December 22, 2018

I’M EXPECTING AN EARTH-SHATTERING KABOOM: Earthquake That Wrecked Tennessee in 1811 Will Happen Again, Expert Says.

Tennessee hasn’t had a series of catastrophic earthquakes in more than 200 years, but experts say if such a thing happened before then it will most certainly happen again.

Officials with the Tennessee Emergency Management Agency say they’ve spent decades planning for it and say it’s best for other Tennesseans to do the same.

“At that time, the 1811 and 1812 earthquakes formed Reelfoot Lake. The shaking rang church bells in Boston,” said TEMA spokesman Dean Flener.

“In 1811 and 1812 we didn’t have as many people living there as we do now — especially in Memphis. This will affect the entire central part of the United States, if not the entire country if we have a 7.0 magnitude earthquake along the New Madrid Fault line.”

TEMA officials train for such a quake and have emergency plans to mobilize resources and list which federal government or state resources they have at their disposal, Flener told The Tennessee Star.

They also have a plan to check roads, bridges, and interstates, Flener said.

If the big one hits then Tennessee residents, Flener went on to say, need to plan for getting cut off from the rest of the world. That means having five to 10 days’ worth of food and water, backup generators for cell phones, cash on hand, and an emergency supply of medicine, among other things.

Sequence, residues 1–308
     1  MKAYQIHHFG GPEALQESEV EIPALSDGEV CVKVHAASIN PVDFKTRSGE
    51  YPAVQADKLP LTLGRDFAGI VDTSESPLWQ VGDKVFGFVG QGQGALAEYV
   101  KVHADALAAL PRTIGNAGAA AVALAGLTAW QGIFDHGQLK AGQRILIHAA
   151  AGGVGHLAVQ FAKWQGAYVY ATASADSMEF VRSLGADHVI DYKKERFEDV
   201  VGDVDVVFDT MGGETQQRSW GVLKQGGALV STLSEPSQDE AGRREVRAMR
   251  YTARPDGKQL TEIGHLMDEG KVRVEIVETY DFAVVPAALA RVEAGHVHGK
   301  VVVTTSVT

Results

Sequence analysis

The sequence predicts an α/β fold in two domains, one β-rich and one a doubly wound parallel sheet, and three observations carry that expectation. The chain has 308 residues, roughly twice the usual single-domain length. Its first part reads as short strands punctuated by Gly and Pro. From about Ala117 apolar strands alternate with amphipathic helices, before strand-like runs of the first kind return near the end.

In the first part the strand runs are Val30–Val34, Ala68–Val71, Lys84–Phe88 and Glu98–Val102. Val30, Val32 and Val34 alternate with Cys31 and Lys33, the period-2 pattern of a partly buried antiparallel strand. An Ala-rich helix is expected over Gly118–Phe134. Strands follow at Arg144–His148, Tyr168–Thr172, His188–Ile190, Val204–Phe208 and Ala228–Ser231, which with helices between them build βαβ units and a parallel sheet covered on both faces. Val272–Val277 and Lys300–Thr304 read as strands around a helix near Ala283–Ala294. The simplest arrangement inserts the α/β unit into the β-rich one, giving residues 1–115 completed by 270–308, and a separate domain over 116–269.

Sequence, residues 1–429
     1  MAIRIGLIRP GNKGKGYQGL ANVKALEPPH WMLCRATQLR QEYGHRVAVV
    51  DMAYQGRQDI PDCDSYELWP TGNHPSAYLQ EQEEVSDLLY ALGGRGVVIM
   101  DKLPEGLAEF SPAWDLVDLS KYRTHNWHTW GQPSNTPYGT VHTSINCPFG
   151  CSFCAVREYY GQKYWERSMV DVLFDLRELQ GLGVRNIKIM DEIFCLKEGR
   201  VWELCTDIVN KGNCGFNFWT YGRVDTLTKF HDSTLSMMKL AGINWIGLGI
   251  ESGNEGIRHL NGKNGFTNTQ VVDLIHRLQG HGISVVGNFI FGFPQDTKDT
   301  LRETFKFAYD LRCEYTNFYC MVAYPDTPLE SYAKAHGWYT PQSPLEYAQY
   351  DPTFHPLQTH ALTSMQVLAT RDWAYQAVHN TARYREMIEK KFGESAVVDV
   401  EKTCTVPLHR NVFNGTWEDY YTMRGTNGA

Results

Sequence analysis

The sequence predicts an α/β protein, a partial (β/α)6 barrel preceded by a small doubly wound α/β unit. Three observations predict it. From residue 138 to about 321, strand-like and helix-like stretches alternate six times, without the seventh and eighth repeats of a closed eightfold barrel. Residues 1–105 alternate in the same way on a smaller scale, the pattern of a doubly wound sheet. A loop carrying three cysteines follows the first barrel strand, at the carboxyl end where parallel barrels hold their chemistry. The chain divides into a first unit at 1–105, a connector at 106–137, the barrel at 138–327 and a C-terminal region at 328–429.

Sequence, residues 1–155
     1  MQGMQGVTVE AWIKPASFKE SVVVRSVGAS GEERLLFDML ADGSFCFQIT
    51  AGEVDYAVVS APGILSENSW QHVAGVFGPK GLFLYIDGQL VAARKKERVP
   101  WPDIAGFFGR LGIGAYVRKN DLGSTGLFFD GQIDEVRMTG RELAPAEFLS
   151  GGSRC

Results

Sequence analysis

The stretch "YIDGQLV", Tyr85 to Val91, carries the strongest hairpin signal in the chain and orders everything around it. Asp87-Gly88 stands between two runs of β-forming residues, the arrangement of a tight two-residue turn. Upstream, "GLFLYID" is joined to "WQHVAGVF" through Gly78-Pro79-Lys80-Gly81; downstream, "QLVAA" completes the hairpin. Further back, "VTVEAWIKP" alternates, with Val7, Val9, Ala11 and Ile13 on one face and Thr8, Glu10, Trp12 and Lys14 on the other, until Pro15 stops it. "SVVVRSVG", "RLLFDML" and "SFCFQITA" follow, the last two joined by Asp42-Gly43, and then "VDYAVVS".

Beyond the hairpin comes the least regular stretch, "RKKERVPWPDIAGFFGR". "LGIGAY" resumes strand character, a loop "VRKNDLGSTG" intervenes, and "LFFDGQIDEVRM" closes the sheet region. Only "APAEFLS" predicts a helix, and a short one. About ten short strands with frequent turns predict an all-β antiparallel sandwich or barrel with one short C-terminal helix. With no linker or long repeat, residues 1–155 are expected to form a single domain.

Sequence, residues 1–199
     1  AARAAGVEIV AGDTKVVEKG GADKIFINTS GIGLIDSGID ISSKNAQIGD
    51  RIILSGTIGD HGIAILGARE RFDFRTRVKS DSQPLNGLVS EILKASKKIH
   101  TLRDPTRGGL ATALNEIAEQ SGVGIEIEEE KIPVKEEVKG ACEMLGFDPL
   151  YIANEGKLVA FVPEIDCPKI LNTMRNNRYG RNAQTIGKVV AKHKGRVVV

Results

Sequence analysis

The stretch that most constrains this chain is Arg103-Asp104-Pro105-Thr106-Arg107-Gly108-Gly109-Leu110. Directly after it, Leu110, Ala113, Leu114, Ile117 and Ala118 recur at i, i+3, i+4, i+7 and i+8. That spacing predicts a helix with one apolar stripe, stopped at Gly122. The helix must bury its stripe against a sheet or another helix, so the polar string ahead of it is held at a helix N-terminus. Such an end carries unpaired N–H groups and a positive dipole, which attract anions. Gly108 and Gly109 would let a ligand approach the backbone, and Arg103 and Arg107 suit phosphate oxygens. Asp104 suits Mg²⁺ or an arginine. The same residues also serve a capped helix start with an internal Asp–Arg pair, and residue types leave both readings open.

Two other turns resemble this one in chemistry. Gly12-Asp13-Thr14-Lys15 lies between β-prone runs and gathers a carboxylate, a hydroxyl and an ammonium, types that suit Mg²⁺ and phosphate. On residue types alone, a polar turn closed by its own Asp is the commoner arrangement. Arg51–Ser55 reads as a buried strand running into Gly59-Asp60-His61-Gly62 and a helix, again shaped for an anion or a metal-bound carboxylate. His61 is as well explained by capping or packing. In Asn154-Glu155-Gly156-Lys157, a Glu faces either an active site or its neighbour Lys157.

“We do encourage homeowners to go in and secure bookcases and tall heavy objects to the walls in their homes. A lot of times it’s not the earthquakes that causes injuries and death it’s the stuff that falls off the walls,” Flener said.

“We tell people the Drop Cover Hold On Technique is the best way to protect yourself during an earthquake. Drop down, get under something heavy and sturdy and hold on until the shaking stops. Don’t run outside because you can be hit by falling glass, especially if you live in a city. If you run out and you feel the shaking in downtown Memphis you’ll run out in the middle of Poplar downtown and could be hit with falling debris.”

I have a backup generator that uses natural gas, and a backup backup generator that uses gasoline. (In lieu of storing gas for it, I have a siphon pump for the car tanks). Plus a couple of inverters, large and small. I keep some food, water, and supplies, and a crowbar, in an outbuilding where they won’t be buried if the house falls down. These are also precautions against the more-likely threat of a tornado, of course.

Thoughts on earthquake preparation, here. But everyone, everywhere, should be prepared for disasters.

And note Insta-Readers’ real-life stories here and here.

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